Transparency and Accountability

As a number of authors in this collection point out there is huge importance in retaining and building on the current remit of the Independent Commission on Aid Impact (ICAI) and as well as strengthening Parliamentary scrutiny of aid spending through a standalone, crosscutting Official Development Assistance (ODA) Committee along the lines of the Environmental Audit Committee or the European Scrutiny Committee.[11] This is particularly relevant in helping ensure that best practice from DFID is not lost in the merger and providing reassurance to a sceptical development sector.


In the spirit of accountability, the Government should continue to report annually on aid levels across government. It should also retain the existing commitment to consider gender inequality impact ahead of allocating aid and other resources – perhaps as part of the ‘Global Britain values test’ policy evaluation mechanisms suggested in the ‘The principles for Global Britain’ publication.[12] Given the ongoing importance of climate and the UK’s leadership of the COP in 2021, the UK will also need to continue to build on its record integrating the principles of sustainable development throughout its aid programme. While the direction of travel to amend UK aid priorities to look at more areas beyond traditional poverty reduction has been set out by the Prime Minister, the Integrated Review can provide reassurance by again restating the Government’s commitment to existing ODA legislation and OECD DAC rules.[13]


As Joe Powell argues in his essay it is important that the UK actively supports open government and rule of law, including through coalition of governments to promote stronger institutions on these issues such as his own Open Government Partnership that the UK is a member of.[14] Similarly as Powell recommends, the UK should give ‘support for anti-corruption reforms that promote an international rules-based system in which UK businesses can engage, and which promote open markets and tackle money-laundering, terrorist financing and elite capture. Key anti-corruption themes include open contracting reforms for public procurement’. Ensuring transparency and accountability in procurement is particularly important given the fast pace at which decisions are being made in the UK and around the world to invest large amounts of public money to address the challenge of COVID-19.[15] As well as transparency the Government’s approach to procurement should incorporate the principles of social value and the values and ethical priorities underpinning the idea of Global Britain, as set out in the previous ‘The principles for Global Britain’ publication.[16]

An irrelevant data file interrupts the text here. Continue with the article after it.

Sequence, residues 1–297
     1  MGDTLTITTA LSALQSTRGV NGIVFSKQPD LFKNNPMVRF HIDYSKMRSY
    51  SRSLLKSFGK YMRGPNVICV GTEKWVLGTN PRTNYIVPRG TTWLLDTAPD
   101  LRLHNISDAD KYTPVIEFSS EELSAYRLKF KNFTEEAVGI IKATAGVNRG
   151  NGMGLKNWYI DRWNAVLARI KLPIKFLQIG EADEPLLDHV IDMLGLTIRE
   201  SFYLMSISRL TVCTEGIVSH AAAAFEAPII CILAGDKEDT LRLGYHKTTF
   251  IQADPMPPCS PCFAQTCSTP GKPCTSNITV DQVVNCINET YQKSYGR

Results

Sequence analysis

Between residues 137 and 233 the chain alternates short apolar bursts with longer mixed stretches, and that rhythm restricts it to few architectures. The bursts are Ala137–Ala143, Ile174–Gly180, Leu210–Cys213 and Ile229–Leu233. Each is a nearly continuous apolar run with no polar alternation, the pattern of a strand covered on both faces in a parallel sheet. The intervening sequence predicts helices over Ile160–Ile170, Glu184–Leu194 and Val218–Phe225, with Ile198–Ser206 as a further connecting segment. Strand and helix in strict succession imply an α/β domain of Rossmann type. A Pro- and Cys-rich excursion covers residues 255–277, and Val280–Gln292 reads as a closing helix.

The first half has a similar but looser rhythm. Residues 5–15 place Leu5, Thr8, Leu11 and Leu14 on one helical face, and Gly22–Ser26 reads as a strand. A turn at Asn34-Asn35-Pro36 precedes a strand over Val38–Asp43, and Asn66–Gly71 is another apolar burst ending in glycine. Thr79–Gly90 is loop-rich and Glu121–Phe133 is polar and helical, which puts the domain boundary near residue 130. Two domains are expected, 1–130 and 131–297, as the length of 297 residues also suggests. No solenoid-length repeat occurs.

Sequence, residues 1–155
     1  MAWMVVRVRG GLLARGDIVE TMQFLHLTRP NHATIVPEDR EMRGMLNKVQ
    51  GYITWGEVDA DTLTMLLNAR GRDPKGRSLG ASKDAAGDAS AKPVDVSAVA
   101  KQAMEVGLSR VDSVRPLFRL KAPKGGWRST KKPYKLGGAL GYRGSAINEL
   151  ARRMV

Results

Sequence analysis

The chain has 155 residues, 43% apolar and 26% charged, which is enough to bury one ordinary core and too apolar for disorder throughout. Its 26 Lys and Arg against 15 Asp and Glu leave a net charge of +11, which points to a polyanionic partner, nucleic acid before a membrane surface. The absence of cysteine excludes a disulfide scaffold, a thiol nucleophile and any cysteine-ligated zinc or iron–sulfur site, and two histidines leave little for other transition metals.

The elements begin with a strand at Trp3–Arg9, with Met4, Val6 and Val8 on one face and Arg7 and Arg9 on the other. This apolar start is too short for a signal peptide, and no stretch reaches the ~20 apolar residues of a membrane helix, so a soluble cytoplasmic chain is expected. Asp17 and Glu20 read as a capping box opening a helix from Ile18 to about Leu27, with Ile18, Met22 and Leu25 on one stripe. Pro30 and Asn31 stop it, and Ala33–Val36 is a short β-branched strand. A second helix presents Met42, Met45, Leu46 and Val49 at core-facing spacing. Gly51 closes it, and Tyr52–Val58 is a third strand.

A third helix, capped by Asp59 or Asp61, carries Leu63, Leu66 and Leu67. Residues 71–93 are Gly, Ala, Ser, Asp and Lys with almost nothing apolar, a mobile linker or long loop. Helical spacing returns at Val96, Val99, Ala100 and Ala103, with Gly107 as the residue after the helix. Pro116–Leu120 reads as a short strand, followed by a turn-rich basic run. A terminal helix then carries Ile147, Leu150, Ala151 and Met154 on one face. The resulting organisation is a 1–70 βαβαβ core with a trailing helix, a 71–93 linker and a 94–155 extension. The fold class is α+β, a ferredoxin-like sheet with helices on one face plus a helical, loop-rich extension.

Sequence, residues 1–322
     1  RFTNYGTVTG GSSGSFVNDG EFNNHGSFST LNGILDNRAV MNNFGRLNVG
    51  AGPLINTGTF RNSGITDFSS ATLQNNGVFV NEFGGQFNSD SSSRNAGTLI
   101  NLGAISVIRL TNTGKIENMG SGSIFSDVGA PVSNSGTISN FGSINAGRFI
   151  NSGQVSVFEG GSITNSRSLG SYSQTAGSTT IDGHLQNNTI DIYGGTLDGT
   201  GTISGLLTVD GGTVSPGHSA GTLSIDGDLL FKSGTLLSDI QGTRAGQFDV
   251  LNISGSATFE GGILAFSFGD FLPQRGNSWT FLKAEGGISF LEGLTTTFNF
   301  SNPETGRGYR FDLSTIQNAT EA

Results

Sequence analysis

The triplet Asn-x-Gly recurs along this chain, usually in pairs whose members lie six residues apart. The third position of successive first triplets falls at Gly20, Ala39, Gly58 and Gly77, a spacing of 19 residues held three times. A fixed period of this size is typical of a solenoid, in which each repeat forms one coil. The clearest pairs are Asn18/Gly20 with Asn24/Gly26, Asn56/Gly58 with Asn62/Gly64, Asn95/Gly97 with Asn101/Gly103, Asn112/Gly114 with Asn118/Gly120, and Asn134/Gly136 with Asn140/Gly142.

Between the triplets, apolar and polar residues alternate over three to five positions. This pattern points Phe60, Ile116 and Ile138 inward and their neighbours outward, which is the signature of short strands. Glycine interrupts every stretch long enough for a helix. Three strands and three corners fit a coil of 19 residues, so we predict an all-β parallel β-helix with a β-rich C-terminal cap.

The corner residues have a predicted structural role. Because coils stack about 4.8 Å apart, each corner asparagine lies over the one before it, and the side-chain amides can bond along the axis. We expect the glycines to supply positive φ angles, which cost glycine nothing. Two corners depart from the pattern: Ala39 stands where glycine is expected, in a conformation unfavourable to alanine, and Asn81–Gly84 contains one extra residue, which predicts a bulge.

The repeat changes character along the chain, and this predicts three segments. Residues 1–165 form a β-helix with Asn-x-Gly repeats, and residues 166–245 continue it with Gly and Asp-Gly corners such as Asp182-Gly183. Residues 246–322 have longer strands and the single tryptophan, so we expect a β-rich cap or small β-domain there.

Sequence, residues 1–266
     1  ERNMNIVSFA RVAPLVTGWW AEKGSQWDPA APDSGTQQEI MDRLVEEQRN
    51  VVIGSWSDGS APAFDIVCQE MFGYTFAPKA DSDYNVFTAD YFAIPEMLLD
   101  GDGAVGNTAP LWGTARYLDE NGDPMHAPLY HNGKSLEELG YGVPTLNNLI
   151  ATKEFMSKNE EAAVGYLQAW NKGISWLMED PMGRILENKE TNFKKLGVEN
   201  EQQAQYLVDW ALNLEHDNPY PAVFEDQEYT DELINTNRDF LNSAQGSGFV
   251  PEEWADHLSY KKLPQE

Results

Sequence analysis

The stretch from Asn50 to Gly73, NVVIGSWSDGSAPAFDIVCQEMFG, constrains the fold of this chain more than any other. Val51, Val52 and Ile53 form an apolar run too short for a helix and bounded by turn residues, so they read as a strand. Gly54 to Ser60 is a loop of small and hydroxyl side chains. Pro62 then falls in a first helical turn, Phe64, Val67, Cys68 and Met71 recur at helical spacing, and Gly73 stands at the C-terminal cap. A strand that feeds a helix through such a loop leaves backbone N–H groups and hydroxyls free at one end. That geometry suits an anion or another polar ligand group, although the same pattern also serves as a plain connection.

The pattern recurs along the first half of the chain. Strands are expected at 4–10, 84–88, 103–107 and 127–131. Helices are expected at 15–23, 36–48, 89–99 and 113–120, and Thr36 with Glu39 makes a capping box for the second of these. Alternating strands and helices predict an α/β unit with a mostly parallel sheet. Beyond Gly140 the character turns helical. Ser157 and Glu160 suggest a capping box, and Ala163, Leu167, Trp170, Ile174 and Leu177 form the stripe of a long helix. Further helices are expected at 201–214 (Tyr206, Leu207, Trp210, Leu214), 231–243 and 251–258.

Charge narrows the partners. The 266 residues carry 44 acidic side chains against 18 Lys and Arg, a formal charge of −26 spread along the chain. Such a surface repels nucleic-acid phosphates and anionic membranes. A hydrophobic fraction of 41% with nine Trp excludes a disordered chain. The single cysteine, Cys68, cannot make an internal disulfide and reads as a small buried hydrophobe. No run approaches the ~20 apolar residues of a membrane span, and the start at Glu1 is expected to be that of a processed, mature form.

As part of supporting the Government’s transparency objectives, it will be important to maintain UK leadership in global initiatives such as the Extractive Industries Transparency Initiative. There is also an important role to play in supporting independent civil society and media organisations that are able to hold governments to account in these difficult times, building on the joint work with Canada around the UK-Canada Media Freedom Summit of 2019 to produce clear deliverable outputs from the project commensurate with the level of political attention given to it.


A further area the UK could improve on is around financial transparency for lawmakers. As suggested by the Intelligence and Security Committee’s Russia report, Members of the House of Lords should align their declarations of interests with the policies of the House of Commons so that all forms of employment generating more than £100 should be declared, rather than the current £500 level.[17] Many members of the House of Lords undertake considerable amounts of employment outside of their duties in the Upper House and their remuneration for their duties is attendance based, but just as local councillors who also have a similar mix of work and official duties have to declare such income, so should all those who make the country’s laws. Members of the House of Commons could also take steps to improve transparency about share ownership, requiring declarations of any potential conflicts of interest for assets held in trust if their contents are known. There is also scope to reduce other efforts by authoritarian states to influence Parliamentarians, including through All Party Parliamentary Groups, paid work, funded visits, and the actions of MPs and Peers in international forums.[18]


Soft power

When assessing the UK’s international assets that underpin UK foreign policy, as the Integrated Review is doing, it is important reiterate the importance of building upon the UK’s existing soft-power capabilities. This includes the role played by longstanding and important institutions such as the BBC (particularly but far from exclusively its crucial World Service) and the British Council.